- The Washington Times - Sunday, November 9, 2003

Did you hear the Treasury Department is coming out with a new nickel? On one side they’ve still got Jefferson’s face, but on the other, I hear, they’ve replaced Monticello with a diagram of the nickel defense.

• • •

Asked the other day if he’d ever lost four straight games before as a coach, Steve Spurrier replied, “Yeah, probably as an assistant one year at Duke.”

That would be 1980, when the Blue Devils dropped their first five en route to a 2-9 season. The Ball Coach’s memory is slightly faulty, though. He also lost four straight games as head coach at Duke — in ‘87, to be exact. The scores were 42-17 to Virginia, 7-0 to Rutgers, 17-10 to Clemson and, yes, 23-22 to Maryland.

• • •

Drew Bledsoe, whose Bills face Bill Parcells’ Cowboys today, tells his favorite Tuna story (as quoted in the Dallas Morning News):

“There was this time my rookie year during practice in training camp. I’m in the shotgun, and he’s standing right behind the quarterbacks and critiquing what we do and being in our ear. It looked like the defense was going to blitz and I audible, and he’s [saying], ‘Wait, wait, wait. Stop. Time out. You don’t have time to order dinner. You don’t have time to order lobster thermidor.’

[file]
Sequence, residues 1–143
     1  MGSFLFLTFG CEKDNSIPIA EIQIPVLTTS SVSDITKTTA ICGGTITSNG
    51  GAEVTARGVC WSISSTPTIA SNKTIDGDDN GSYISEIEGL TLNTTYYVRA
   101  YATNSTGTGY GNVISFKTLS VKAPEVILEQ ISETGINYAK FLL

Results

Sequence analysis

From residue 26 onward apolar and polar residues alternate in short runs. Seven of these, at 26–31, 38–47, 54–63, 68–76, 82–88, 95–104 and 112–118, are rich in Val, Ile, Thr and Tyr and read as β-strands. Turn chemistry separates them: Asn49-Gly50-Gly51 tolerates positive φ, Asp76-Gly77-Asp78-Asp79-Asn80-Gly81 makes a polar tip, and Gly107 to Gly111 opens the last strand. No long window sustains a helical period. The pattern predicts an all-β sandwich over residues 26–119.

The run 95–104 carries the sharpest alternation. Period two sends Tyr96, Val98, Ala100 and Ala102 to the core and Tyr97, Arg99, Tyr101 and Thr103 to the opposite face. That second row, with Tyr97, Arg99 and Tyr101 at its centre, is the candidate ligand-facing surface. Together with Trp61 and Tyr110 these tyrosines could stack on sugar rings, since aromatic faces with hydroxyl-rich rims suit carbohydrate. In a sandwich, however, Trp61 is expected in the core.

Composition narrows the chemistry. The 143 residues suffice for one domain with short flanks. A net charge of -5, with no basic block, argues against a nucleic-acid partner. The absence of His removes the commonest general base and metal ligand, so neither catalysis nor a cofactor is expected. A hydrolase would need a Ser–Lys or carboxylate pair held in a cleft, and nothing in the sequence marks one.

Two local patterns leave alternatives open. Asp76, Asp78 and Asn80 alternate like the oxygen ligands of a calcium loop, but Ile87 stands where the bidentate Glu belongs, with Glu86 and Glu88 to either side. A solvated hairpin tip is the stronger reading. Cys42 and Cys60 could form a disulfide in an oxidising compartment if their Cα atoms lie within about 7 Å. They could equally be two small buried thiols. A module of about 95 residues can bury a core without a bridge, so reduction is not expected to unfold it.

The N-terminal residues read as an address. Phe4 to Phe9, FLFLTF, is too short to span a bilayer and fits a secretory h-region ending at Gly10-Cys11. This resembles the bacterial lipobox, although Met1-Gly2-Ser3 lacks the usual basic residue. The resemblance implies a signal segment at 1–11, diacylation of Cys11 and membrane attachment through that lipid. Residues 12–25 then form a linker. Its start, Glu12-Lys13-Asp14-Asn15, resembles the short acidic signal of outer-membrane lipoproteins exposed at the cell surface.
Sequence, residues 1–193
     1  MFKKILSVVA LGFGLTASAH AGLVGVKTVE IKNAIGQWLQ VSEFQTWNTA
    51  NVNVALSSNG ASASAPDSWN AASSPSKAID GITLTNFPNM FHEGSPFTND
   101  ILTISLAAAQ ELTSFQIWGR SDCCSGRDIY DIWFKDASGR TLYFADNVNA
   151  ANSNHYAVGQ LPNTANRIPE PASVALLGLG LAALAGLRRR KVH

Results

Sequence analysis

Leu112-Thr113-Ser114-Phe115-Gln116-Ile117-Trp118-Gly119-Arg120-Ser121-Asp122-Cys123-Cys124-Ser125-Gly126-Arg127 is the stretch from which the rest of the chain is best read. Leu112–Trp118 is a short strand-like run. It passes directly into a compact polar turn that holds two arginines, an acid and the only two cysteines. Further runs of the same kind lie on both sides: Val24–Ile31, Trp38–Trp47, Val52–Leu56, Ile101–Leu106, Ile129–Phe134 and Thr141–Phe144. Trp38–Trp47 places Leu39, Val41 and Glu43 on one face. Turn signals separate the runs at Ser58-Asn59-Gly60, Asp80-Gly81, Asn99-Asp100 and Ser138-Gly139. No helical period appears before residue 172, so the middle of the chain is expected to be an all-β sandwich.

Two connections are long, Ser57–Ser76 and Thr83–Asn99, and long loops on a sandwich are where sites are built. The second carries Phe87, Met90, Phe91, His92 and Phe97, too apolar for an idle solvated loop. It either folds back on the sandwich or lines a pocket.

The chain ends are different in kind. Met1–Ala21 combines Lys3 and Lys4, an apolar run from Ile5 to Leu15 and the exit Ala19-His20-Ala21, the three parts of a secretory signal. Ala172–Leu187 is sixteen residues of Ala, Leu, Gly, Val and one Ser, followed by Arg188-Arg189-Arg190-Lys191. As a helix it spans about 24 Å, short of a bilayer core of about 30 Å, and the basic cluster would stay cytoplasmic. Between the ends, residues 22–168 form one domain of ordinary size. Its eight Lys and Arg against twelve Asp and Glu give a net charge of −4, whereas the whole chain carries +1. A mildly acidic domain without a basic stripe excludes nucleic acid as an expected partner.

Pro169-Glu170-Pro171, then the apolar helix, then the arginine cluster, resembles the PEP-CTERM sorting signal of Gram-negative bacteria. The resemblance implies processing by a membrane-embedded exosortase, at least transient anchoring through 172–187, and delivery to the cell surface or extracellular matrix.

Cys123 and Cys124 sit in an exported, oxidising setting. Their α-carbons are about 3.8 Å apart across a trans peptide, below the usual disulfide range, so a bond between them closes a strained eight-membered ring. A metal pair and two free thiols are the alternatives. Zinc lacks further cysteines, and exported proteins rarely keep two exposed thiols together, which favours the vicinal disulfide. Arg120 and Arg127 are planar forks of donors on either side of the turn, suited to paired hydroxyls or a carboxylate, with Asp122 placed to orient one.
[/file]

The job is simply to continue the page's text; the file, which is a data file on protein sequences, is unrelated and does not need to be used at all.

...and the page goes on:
“That’s what stuck with me 11 years later. He’s talking about lobster thermidor when I’m trying to make a call.”

• • •

You’ve gotta love a football game hinging on an intentional safety — like the one between the Patriots and Broncos last Monday night. “It’s an unusual situation,” Pats coach Bill Belichick said. “The classic take-a-safety situation is when you’re ahead by six points. You give up the safety and you’re ahead by four, [and] it still takes a touchdown to beat you in that situation. You get the field position and you don’t have to punt out of your own end zone and so forth. Taking a safety when you’re behind [24-23, as he did] is a little bit more of an unusual situation.”

Four other notable intentional safeties in football history:

1. Dec. 3, 1973 — On the verge of blowing a 30-3 halftime advantage to the Steelers on “Monday Night Football,” Dolphins coach Don Shula instructs quarterback Bob Griese to step out of the end zone with just more than a minute to play. That makes the score 30-26, but Pittsburgh gets no closer. Larry Seiple’s 72-yard free kick pins the Steelers back on their 7, and Jake Scott intercepts Terry Bradshaw to wrap up the win.

2. Oct. 13, 1984 — Oklahoma, up 15-10 late in the game against No.1 Texas, sacrifices two points rather than punt out of its end zone. Following the free kick, the Longhorns drive to the Sooners’ 15 with 10 seconds remaining and boot the tying field goal.